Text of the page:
Regional district directors gave preliminary approval Thursday to a 45-lot subdivision at the former Lac le Jeune ski hill, despite unanimous opposition from residents who packed a public hearing.
Residents expressed concerns about current water shortages and prospects of degrading already worsening water quality in Lac le Jeune, a popular fishing and recreational lake.
Robert Brown, a resident and professor emeritus at Simon Fraser University in ecology, called an environmental report prepared for the developer “incomplete, and in some instances outright misleading.”
The report commissioned by developer Derick MacDonald said addition of 45 more homes to the 100 or so already at the lake will not affect water quality, provided housing is kept 60 metres from the lake.
Brown said pine beetle kill has degraded Lac le Jeune so it’s “almost not fishable anymore.”
Residents also expressed grave concerns about water supply. Homeowners draw water from wells and the lake. Many said supplies are limited.
Hugh Burton, a former university biology professor who lives in the rural community, said addition of 45 more homes will place too much pressure on the aquifer and threatens to draw down the lake.
“Water flows downhill. If you take water from the aquifer, you lower the water table bit by bit.”
About 25 residents attended the public hearing. None spoke in favour.
“We’re not opposed to the development,” said David Wyse, president of the Lac le Jeune Conservation Association. “We don’t think due diligence has happened to ensure the water supply can be sustained. We can’t compromise on that.”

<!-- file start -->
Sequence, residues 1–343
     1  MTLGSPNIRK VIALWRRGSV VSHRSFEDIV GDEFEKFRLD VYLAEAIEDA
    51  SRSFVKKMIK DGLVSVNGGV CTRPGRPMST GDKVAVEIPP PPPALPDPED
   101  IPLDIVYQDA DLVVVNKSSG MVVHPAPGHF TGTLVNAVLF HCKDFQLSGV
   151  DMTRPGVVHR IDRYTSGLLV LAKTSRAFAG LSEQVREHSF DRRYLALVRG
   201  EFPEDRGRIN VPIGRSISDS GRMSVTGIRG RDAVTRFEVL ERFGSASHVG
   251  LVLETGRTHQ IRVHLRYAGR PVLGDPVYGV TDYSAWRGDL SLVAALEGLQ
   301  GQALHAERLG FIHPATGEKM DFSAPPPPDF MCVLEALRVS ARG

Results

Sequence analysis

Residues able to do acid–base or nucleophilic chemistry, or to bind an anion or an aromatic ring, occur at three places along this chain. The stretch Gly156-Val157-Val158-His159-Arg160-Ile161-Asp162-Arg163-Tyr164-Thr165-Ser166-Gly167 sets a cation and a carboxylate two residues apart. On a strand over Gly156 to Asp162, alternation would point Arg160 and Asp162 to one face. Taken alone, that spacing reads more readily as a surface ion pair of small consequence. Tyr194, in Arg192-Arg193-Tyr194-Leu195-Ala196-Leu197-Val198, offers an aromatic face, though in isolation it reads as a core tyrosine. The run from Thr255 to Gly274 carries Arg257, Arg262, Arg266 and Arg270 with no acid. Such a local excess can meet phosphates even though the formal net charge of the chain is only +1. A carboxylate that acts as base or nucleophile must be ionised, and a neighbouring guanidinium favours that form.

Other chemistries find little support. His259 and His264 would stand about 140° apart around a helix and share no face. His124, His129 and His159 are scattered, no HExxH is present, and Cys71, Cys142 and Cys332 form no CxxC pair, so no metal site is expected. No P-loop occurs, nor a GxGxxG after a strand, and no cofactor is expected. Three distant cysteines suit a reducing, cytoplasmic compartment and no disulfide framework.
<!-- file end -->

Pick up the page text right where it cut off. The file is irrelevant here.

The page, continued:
Gregg Lindros, a consultant working for MacDonald, outlined plans to the regional district board. They include dedicating a 170-acre park that would be transferred to the TNRD.
Access through former ski hill runs to the backcountry would remain.
Lindros also said the developer has confidence there is enough water to supply new residents.
“There’s been preliminary studies that confirm viability of the groundwater source.”
The regional district has the ability to refuse the subdivision should further studies fail to confirm sufficient water supply.
The property is the site of a former ski hill that operated until 1992. MacDonald continues to operate Lac le Jeune Resort & Conference Centre at the location.
He told reporters following the meeting he would like to begin selling the lots, at a minimum of one acre, as early as next summer. MacDonald, who lives in Lac le Jeune, said he also wants to meet further with residents to deal with their concerns and has additional approvals to obtain.
Target prices for the lots is $200,000 to $300,000.